I was intrigued by this fascinating film whose seduction goes far beyond the affair between Coco and Igor. We are seduced by the music, the exquisite production design (influenced by Coco's penchant for black and white) and the beautiful settings. The clothes are fabulous, too. Although the ending does not work at all (director Jan Kounen has made a severe misjudgment here), there is enough substance to the rest of the work to make it a pleasure.

DVD special features include exclusive Australian interview with director Jan Kounen, deleted scenes, making of and theatrical trailer.

Review by Andrew L. Urban :
More or less following on from the timeline of Coco Avant Chanel (2009) released in Australia in June 2009, this is the sketchy, out-of-context story of the affair between the iconic Coco and the iconic Russian composer Igor Stravinsky, by which time Coco was becoming a household name in (well dressed) Paris. Mostly underlit and always unhurried (except for a speed-through of WWI in a meaningless montage), the film rather drags out the melancholy story and doesn't find a satisfying way to end it. But there are still things to enjoy, notably Anna Mouglalis as Coco, a somewhat tougher, more brittle version than Audrey Tautou delivered, aided by a harsher speaking voice and the ability to look more fierce than the sweet Tautou.

Mads Mikkelsen, one of the finest actors around, plays Igor Stravinsky, a challenge on many levels, not the least having to learn dialogue in both French and Russian - while his native tongue is Danish. Mikkelsen makes the most of it, but the screenplay is underwritten in many respects, his role included. Neither Coco nor Igor are shown as characters we would love to be friends with, though.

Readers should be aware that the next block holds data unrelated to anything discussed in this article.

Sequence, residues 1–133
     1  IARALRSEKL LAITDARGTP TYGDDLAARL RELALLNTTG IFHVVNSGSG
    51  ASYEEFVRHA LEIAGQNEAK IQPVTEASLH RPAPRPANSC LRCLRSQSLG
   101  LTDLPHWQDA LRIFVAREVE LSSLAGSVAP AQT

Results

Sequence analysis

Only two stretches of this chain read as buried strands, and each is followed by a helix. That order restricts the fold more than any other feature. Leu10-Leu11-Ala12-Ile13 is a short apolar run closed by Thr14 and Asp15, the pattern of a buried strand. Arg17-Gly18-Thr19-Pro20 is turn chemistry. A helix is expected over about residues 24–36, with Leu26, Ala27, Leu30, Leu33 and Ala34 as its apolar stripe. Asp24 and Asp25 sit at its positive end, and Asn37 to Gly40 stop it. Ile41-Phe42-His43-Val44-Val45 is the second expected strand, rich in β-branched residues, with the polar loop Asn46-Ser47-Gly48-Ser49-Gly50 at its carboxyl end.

Yelena Morozova is excellent and touching as Igor's wife Catherine, whose love for him lasts through the shame of an affair under her nose in Coco's mansion. The supports are all fine, although we don't see much of them. The claustrophobic structure and design focus on the Coco and Igor relationship, but it often feels as though director Jan Kounen is striving for some sort of artistic plateau. This results in a minimal emotional connection and a sense of dissatisfaction, even though it's a fascinating story.

The music is not all Stravinsky - although there is enough to provide a good sampling for fans and novices alike - and Gabriel Yared makes a valuable contribution. Still, it's not a truly uplifting experience, and only fitfully engaging.

Published August 18, 2010

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(France, 2009)

CAST: Mads Mikkelsen, Anna Mouglalis, Anatole Taubman, Natacha Lindinger, Yelena Morozova,

PRODUCER: Chris Bolzi, Claudie Ossard

DIRECTOR: Jan Kounen

SCRIPT: Chris Greenhalgh, Jan Kounen (novel by Greenhalgh)


EDITOR: Anny Danche

MUSIC: Gabriel Yared

PRODUCTION DESIGN: Marie-Hélène Sulmoni

RUNNING TIME: 120 minutes




SPECIAL FEATURES: Interview with Jan Kounen, deleted scenes, making of, trailer


DVD RELEASE: August 18, 2010